With that, the City is providing the maximum property tax relief for homeowners. Staff is recommending to keep City’s Homestead Tax Credit Rate at 0% for FY2023. Staff is recommending the following FY23 budget calendar
(a) Friday, February 4 – Mayor & Council requests and residents’ suggestions for the FY2023 Proposed Budget are due.
(b) Friday, March 11 – FY2023 Proposed Budget & CIP published and posted on the City’s website.
(c) Saturday, March 26 – Budget Worksession.
(d) Tuesday, May 10 – Public Hearings on the Budget and Constant
( e ) Tuesday, May 24 – Adoption of FY2023 Budget and CIP.
Once the draft budget is released, we’re also planning to host a budget town hall to share the budget and get your input.
The City Council is also inviting residents to submit suggestions and recommendations to City staff for the FY2023 Budget.  Preparation is beginning on the Proposed Budget to be published in March 2022 for the City Council’s review and subsequent adoption. The deadline for submission is January 31, 2022. Form Link

City Council May Change How it Gets Residents’ Input Before Spending their Tax Dollars

At tonight’s meeting, the College Park City Council will discuss how the City can include more residents’ input in our annual budget process.

College Park has an annual budget of $20 million that is spent to provide essential services to its residents and build long time infrastructure projects. The City’s budget cycle runs from July 1st of a year to next year’s June 30th. City staff start preparing the draft budget in January and publish it on City’s website in late March. The City Council spends a weekend in April to discuss the draft budget and makes some small changes to it.

The Council then holds a public hearing on the budget in May and votes in June, and votes to approve the budget. Some Council members have also been hosting community town halls before the public hearing to get some community inputs.

Traditionally, very little is changed to the draft budget between the public hearing on the draft budget and the Council approval of the final budget.

Through the Participatory budgeting process, the City is trying to change this process to include more citizen’s feedback in this budget process

Participatory budgeting is a process of democratic deliberation and decision-making, involving City residents and stakeholders to decide how to allocate part of the annual budget. Participatory budgeting allows citizens to identify, discuss, and prioritize public spending.

Citizens assist in defining and prioritizing which projects, processes, problems or opportunities should receive a portion of the City budget, and how much that portion should be.

Watch this video from the Participatory Budgeting Project to learn more about how other municipalities, such as New York City, use participatory budgeting and engage the community to make decisions on how government funds should be used in their neighborhoods.

College Park Reduces its Property Tax Rate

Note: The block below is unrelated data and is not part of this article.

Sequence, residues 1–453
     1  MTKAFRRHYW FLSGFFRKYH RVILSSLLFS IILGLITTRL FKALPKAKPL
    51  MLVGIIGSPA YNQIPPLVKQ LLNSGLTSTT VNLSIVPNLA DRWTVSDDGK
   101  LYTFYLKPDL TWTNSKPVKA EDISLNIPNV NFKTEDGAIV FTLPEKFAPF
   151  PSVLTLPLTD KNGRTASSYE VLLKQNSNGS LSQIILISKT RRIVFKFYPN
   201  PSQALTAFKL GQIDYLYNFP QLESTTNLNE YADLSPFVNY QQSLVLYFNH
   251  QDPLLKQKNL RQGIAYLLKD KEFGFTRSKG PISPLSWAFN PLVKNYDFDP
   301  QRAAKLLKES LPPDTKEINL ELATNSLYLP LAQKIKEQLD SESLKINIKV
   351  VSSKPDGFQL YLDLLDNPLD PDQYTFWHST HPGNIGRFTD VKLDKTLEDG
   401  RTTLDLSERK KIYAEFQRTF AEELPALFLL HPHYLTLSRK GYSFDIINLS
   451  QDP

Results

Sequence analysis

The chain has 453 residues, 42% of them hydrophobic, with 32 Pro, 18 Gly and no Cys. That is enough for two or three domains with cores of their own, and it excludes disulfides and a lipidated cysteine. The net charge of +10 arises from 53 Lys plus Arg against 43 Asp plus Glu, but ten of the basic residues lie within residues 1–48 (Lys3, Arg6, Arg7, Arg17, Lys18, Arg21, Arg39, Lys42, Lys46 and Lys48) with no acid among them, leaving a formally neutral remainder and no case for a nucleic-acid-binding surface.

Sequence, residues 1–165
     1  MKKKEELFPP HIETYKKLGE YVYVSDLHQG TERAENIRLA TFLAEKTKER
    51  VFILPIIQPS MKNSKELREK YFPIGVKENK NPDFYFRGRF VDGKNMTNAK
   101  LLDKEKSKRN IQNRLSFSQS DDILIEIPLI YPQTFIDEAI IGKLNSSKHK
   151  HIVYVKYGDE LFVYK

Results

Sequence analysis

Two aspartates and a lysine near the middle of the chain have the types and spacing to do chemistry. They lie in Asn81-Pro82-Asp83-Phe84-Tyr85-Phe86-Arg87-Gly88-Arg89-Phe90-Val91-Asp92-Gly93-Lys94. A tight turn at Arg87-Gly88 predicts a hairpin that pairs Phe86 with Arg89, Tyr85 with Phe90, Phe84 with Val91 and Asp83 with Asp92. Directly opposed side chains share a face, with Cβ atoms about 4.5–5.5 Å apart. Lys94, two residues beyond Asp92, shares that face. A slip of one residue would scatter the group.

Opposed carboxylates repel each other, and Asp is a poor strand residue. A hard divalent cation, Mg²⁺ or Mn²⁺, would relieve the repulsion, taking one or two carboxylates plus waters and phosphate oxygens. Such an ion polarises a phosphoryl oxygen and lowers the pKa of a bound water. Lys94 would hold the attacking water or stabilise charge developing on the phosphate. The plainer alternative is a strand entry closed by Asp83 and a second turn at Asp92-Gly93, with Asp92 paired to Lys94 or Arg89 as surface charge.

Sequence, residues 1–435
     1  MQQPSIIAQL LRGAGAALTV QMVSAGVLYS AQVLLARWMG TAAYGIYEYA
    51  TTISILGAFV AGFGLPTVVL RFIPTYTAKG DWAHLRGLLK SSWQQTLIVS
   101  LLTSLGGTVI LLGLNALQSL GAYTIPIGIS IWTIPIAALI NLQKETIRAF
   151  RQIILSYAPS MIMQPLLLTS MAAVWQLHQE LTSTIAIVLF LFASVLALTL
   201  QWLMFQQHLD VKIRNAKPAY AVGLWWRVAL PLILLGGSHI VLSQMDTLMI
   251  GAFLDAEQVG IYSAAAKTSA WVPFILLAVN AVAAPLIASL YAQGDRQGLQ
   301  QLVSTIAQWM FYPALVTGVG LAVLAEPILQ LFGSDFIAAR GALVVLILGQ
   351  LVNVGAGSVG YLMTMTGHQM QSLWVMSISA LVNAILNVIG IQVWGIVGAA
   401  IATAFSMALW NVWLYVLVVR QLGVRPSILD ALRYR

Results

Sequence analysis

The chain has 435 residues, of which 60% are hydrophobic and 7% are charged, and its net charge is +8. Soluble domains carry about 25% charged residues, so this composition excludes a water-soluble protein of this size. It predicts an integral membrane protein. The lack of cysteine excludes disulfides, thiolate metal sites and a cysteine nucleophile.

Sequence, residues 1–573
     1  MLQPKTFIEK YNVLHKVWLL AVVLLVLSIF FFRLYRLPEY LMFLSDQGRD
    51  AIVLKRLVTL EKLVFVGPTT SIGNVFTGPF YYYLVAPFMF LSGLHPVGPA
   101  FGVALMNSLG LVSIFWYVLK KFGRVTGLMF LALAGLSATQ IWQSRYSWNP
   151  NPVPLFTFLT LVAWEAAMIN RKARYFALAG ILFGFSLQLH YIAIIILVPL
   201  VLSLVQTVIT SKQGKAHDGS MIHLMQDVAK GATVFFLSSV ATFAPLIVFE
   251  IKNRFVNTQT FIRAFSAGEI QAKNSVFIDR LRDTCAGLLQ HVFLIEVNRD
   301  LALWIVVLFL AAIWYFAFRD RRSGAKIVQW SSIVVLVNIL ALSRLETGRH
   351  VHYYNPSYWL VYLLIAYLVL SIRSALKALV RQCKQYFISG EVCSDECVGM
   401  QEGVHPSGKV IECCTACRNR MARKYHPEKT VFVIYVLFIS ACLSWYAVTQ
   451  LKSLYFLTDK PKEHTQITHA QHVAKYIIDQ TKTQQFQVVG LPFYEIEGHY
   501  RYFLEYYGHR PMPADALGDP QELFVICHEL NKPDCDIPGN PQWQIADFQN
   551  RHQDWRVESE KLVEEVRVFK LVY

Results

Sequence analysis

After listening to many of your comments about the City’s tax rate and the proposed budget for the upcoming fiscal year 2022, the City Council reduced City’s rate at this week’s meeting. The reduction in the tax rate will reduce City’s tax revenue by $380,000 in the upcoming fiscal year, but we believe this important reduction will help many of our homeowners who are struggling during this difficult pandemic period, without compromising maintaining the essential services.

At the recent public hearing on City’s property tax rate, some of my Council Colleagues and I asked staff to explore ways to reduce our property tax rates below the current rate of 0.325 cents, as many of our residents have been struggling financially due to COVID-19. A reduction to the CYTR of 31.31 cents from the current tax rate of 32.5 cents would reduce FY2022 property tax revenue by approximately $380,000.

At last week’s meeting, the Council indicated support for reducing the FY2022 proposed real estate property tax rate to the CYTR – 31.31 cents per $100 assessed valuation. The reduction in property tax revenue will be refunded from the City’s allocation of Local Fiscal Recovery Funds (part of the American Rescue Plan). The Council will vote on the amended budget based on the reduced tax rate.

College Park’s tax rate has already been low for some time. It has only the second-lowest municipal property tax rate among all cities in Prince George’s County.

Now that the City Council has decided to reduce the property tax rate to $0.3131 the cumulative tax rate (City + County + M-NCPPC rates) will be $1.5731, which puts us neck and neck to Capitol Heights, which has a cumulative rate of $1.572 (based on FY21 tax rate data). Please see below:

In addition to reducing City Council also amended the budget by adding $40,000 for the literacy/tutoring program for College Park students, and $50,000 for the College Park Restorative Justice Committee work.

Council to Vote on New Budget, and Constant Yield Tax Rate

For the tax year beginning July 1, 2021, the estimated real property assessable base will increase by 3.8%, from $3,086,366,980 to $3,203,730,429. This means, the C City is going to have $381,431 in additional property tax revenues in the upcoming fiscal year FY 2022. The City intends to keep the tax rate at the current 0.325 cents for $100 of property value, and does not plan to increase the tax rate in FY 22. According to State’s requirement, the City must post a notice stating that to keep the same level of property tax revenue as the current FY21, the tax rate is $0.3131 in FY 22. This rate is called the Constant Yield Property tax rate.

FY21 County Budget Hearings – May 4 and 11, 2021

The County Budget Public Hearings will take place on Mary 4 and May 11 at 5:00 p.m. Review the proposed budget and learn more here:
Register to speak on May 4 or 11 via the “eComment” links for those dates here.